Washington Crossing the Delaware Restoring an American Masterpiece Carrie Rebora Barratt, Lance Mayer, Gay Myers, Eli Wilner, Suzanne Smeaton

Publication date:
27 Dec 2011
Metropolitan Museum of Art
48 pages: 279 x 216mm
55 color + 10 b/w illus.

Emanuel Leutze's life-size Washington Crossing the Delaware commemorates the critical moment in the American Revolution when George Washington led a surprise attack against troops supporting the British forces in Trenton, New Jersey. When Leutze created the painting in 1850, ten years after he had returned from America to his native Germany, he was hoping to rally support for the revolutionary movements then sweeping Europe. Leutze sent the work to New York in 1851, and within four months more than fifty thousand people had paid to see it.

Today, this painting is an icon of American visual culture and is one of the most beloved objects in The Metropolitan Museum of Art. In 2007, 110 years after its acquisition, Leutze's masterpiece became the focus of the most ambitious conservation and reframing project in the museum's history. This fascinating book is a behind-the-scenes account of the painting's acquisition and display at the museum, as well as of the recent project to restore and reframe it. The work's unveiling coincides with the opening of the new American Wing galleries in January 2012.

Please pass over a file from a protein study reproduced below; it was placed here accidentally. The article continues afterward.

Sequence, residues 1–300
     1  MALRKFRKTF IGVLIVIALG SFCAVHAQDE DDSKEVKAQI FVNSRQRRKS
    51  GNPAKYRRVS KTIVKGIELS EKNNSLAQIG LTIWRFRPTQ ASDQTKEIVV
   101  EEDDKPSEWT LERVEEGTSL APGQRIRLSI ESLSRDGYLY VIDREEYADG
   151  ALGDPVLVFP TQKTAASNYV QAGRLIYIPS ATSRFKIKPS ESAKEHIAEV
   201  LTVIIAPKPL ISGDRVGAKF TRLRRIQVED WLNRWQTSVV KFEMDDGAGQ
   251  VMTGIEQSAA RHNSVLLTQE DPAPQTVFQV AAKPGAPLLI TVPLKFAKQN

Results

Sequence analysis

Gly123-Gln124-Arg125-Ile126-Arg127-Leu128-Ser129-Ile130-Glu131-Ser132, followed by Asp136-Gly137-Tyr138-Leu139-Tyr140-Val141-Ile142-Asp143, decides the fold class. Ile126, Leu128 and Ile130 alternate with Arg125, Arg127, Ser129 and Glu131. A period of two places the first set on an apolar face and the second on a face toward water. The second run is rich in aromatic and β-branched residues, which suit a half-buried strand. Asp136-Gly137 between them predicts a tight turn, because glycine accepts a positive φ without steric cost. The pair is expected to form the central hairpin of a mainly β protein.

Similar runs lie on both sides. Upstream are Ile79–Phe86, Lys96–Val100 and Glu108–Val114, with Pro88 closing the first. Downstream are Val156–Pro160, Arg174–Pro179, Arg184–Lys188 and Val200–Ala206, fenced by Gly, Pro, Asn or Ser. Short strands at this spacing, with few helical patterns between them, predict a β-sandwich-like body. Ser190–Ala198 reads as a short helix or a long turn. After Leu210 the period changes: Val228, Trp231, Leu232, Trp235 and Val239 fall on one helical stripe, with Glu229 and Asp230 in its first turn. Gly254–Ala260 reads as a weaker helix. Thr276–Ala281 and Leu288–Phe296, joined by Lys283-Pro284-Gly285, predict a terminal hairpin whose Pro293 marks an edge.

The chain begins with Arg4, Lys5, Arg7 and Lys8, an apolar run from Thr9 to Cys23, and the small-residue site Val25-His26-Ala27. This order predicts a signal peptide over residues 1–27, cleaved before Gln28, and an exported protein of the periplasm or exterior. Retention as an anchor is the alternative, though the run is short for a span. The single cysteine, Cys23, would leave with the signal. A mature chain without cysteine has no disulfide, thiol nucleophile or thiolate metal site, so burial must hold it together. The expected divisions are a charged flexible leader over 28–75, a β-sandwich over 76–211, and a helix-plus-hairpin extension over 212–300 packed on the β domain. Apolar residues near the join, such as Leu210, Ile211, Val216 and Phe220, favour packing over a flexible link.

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Read an article about Washington Crossing the Delaware on Yale's blog

Carrie Rebora Barratt is associate director for collections and administration at The Metropolitan Museum of Art. Lance Mayer and Gay Myers, of the New London, Connecticut, art conservation firm Mayer & Myers, undertook the treatment of the painting. Suzanne Smeaton and Eli Wilner oversaw the design and carving of its new frame at Eli Wilner & Company, New York.

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Related links

Visit the web page for the New American Wing at the Metropolitan Museum of Art, New York.